Novel companion planting strategies could utilize modern knowledge of VOCs and the ability to detect their presence. Emission of VOCs by wounded plants has been shown to enhance VOC production of nearby plants, priming them to resist stressors. Planting high-VOC emitting cultivars, or even wild crops which have thrived in adverse conditions, might be a way to prime crops to respond more robustly to threats. These high-VOC emitters, planted near a cash crop, would emit VOCs in the face of adversity, priming the crop to do so as well, prior to an actual threat reaching them.

Since VOCs are known to prime plants against stressors, their direct application in the field would appear to be a positive, natural method to enhance plant health and reduce disease pressures. While VOCs have been identified and utilized in vitro to show antimicrobial activity, field application poses some problems.

VOCs are readily dissipated in the air. They work in conjunction with each other, so the exact mechanisms of action are not yet known. In some cases, it’s been shown that direct application of isolated VOCs can also have unexpected deleterious effects.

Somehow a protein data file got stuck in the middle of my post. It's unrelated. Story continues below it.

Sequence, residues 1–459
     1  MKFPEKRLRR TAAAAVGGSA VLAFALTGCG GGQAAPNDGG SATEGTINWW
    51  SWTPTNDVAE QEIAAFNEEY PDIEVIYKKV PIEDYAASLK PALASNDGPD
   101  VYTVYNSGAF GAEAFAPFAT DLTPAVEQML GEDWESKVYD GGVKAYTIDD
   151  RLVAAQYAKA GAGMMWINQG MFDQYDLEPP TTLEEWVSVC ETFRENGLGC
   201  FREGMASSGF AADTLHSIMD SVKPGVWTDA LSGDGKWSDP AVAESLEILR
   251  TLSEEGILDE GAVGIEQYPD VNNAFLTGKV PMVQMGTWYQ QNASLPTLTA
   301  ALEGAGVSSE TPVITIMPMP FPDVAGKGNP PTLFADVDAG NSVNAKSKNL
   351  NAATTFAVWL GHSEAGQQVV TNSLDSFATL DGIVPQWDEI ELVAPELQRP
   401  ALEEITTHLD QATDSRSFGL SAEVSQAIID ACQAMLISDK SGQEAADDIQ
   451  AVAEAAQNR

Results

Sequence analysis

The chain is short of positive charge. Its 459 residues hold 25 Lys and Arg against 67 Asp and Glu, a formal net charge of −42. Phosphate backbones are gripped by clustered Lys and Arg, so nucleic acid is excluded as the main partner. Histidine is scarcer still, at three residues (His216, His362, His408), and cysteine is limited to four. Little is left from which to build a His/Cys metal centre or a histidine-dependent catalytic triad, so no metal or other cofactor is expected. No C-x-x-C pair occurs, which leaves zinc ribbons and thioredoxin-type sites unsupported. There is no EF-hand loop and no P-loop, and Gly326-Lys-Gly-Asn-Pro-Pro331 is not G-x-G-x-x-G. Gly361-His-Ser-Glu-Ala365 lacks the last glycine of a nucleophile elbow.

Research is continuing on VOCs, including their use as a mechanism to prime the crop to respond more quickly and effectively to disease threats. This effect, known as systemic acquired resistance (SAR), is associated with plant cells’ ability to rapidly release protective proteins when faced with a challenge, much like our immune system response.

Measuring VOC Response

Because the VOCs being emitted can be indicative of plant stressors, measurement of these compounds in the field could help diagnose plant disease concerns prior to symptom appearance.

Diseases have their own signature VOC profiles, and researchers at North Carolina State University have used those profiles to detect and diagnose disease. Their prototype handheld device measures the crop’s VOC emissions.

Much quicker than laboratory tests such as molecular assays, mobile VOC detection will allow farmers to rapidly test plant tissue and analyze VOC profiles. A piece of leaf is put into a test tube in the field and sealed. After 15 minutes, the VOCs emitted are pumped into the mobile detector, which is plugged into a smartphone. This device contains a paper strip of chemical reagents. As the VOCs react with the reagents, a color pattern occurs. This pattern can then be correlated with a given disease’s profile.

The research thus far has detected disease two days after inoculation. It has also discriminated between three similar tomato fungal diseases accurately. The technology, ready to be scaled-up, is anticipated to be further developed to be crop and region specific, and to have automated pattern recognition.

Along with advances in biopesticides, further research into the use of VOCs as crop protectants, as well as disease detectors, should soon provide growers additional natural options for combating pests and diseases in crops.